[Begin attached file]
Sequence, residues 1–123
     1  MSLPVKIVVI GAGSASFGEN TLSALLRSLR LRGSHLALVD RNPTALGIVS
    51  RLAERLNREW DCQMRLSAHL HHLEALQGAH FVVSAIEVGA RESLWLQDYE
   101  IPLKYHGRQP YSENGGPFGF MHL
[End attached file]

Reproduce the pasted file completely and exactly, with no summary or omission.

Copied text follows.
Sequence, residues 1–123
     1  MSLPVKIVVI GAGSASFGEN TLSALLRSLR LRGSHLALVD RNPTALGIVS
    51  RLAERLNREW DCQMRLSAHL HHLEALQGAH FVVSAIEVGA RESLWLQDYE
   101  IPLKYHGRQP YSENGGPFGF MHL